Alex Hyde/NPL

Determining which bats carry viruses that can infect people is tricky.

Bats are the major animal reservoir for coronaviruses worldwide, according to a survey of thousands of animals across Africa, Asia and the Americas. The animals had previously been linked to the coronaviruses that caused outbreaks of severe acute respiratory syndrome (SARS) and Middle East respiratory virus (MERS), but until now researchers were not sure whether that was a coincidence or a sign of a broader trend.

The findings suggest that researchers who study infectious diseases can improve their predictions of where coronaviruses are likely to leap from animals to people by looking at the geographical distrbution of different bat species and the behaviour of the viruses that they carry.

“It’s time to stop being reactive,” says Simon Anthony, a virologist at Columbia University in New York City and lead author of the study published today in Virus Evolution1. “The point is to take a different approach and be more proactive by understanding the diversity of viruses out there before they actually emerge.” The research was funded by the US Agency for International Development through a programme that aims to preempt pandemics of viruses that pass from animals to humans.

Coronaviruses made headlines in 2002, when SARS appeared in China and spread to 27 countries, killing 774 people. In 2012, the coronavirus that causes MERS surfaced in Saudi Arabia; 640 people died. Previous research has suggested that bats spread the virus to camels, which then passed it to people2, 3.

Bat signal

To map the distribution of coronaviruses, Anthony and his colleagues trapped and released about 12,300 bats, 3,400 rodents and shrews, and 3,500 monkeys. Their work took them to 20 countries in Africa, Asia, South America and Central America that had previously been identified as ‘hotspots’ where diseases may jump from wildlife to humans.

From dusk until dark, teams of biologists — including local researchers — bagged bats that flew into long, thin nets strung between trees. They collected samples of the animals’ saliva, urine and faeces, and shipped these to labs for genetic testing.

Nearly 10% of the bats carried coronaviruses, compared with 0.2% of the other animals sampled. And the team found that the diversity of viruses was highest in places where multiple bat species lived, such as the Amazon rainforest.

Yet bat diversity alone is not an indicator of risk, because only a fraction of coronaviruses infect people. One hint that a pathogen may spill over into people is a history of jumping between distantly related species. Anthony and his colleagues observed that coronaviruses in Africa had spread among unrelated bat species four times more often than viruses in Mexico, Brazil, Bolivia and Peru did. This could be due to genetic differences in the coronaviruses present in each region, or to the way that disparate bat species interact in different forests.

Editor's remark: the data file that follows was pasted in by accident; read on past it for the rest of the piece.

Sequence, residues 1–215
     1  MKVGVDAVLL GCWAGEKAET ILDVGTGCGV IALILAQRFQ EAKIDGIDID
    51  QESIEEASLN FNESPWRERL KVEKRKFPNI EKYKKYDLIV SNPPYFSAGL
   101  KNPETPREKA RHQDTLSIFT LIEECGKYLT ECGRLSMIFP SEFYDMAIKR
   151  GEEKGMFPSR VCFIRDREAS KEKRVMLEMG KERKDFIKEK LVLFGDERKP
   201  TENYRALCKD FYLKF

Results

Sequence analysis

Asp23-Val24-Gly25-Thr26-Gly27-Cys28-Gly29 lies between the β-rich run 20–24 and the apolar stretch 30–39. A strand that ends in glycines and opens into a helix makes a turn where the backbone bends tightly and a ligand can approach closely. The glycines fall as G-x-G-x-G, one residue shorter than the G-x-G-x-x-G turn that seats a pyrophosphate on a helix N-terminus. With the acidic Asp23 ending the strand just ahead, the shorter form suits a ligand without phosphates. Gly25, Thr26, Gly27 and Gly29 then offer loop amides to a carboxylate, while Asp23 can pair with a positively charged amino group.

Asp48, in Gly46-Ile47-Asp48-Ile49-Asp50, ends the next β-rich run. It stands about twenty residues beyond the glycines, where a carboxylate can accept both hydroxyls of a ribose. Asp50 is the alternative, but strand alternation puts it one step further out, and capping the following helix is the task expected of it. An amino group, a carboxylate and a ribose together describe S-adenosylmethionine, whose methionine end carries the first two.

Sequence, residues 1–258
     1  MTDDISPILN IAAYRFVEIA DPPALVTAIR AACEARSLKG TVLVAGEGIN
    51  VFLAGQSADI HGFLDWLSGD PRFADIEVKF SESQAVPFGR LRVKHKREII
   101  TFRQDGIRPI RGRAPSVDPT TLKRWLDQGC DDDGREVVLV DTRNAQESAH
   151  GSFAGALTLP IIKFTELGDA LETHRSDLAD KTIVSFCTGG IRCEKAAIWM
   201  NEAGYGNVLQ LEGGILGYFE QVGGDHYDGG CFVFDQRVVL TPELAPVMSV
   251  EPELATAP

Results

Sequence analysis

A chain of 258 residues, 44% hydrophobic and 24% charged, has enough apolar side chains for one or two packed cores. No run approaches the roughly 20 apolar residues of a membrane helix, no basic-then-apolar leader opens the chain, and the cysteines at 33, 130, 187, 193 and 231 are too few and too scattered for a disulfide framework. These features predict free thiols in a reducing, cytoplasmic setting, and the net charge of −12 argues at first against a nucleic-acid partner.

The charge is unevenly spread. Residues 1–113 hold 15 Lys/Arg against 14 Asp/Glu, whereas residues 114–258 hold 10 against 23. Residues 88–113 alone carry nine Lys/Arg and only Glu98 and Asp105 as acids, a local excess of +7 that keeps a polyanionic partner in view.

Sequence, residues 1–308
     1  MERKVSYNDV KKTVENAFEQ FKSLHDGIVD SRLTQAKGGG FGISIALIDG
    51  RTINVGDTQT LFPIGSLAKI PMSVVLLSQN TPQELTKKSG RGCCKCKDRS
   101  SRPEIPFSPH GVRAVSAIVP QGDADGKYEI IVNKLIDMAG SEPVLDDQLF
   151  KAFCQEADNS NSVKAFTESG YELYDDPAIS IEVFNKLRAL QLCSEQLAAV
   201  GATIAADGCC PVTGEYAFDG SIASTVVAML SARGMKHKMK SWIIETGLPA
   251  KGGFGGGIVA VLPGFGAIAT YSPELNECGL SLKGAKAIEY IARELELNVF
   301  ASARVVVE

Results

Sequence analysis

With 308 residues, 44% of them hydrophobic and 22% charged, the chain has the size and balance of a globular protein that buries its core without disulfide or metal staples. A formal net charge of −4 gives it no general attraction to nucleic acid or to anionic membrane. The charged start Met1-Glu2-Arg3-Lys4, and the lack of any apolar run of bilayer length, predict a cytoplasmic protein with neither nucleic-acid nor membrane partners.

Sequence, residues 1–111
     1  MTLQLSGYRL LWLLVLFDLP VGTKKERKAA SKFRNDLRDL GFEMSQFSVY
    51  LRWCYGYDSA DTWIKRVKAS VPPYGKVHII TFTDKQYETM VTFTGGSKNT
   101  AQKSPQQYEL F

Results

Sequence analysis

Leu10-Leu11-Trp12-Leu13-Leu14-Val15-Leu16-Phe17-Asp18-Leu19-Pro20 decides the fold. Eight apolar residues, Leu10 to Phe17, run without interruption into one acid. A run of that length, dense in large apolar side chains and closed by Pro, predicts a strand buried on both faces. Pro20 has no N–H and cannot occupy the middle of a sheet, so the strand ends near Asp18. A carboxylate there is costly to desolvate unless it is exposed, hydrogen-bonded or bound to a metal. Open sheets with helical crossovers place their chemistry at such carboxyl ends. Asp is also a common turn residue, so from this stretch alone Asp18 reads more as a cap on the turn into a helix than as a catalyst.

“It’s very interesting that the viruses in Latin America don’t jump around as much,” says Vincent Munster, a virologist at the US National Institutes of Health’s Rocky Mountain Laboratories in Hamilton, Montana. “It’s worth more study.”

Anthony says a next step is to learn more about viruses that jump between host species, and those that don’t. For instance, in a study published on 4 April in mBio, his team showed that a virus closely related to MERS — and found in a bat in Uganda — cannot bind to receptors on human cells in the lab4. Because of this, the virus does not present an immediate threat to human health.

Crystal ball

But some scientists who study infectious disease argue for a more pragmatic approach. Michael Osterholm, director of the Center for Infectious Disease Research and Policy at the University of Minnesota in Minneapolis, says that researchers and politicians should direct their limited resources towards halting new outbreaks of pathogens that are known to be deadly in people, rather than trying to predict which virus will be the next to cross over to humans.

For example, Osterholm says that an outbreak of MERS is likely to emerge in eastern Africa at some point because the camel trade connects that region to Saudia Arabia. Because of this risk, he sees the development of a MERS vaccine as a top research priority. And although there is a vaccine for the Ebola virus that is close to the clinic, it is effective only against the Zaire strain of the virus.

“We aren’t much better prepared for Ebola today than we were during the crisis in West Africa, so you have to wonder,” Osterholm says. “If we aren’t preparing for the outbreaks we know will happen in the near future, what good does it do to know about spillover events?”

Anthony argues that both strategies are vital. “If we ever want to get ahead of the curve,” he says, “we need to learn about the process of emergence in the first place.”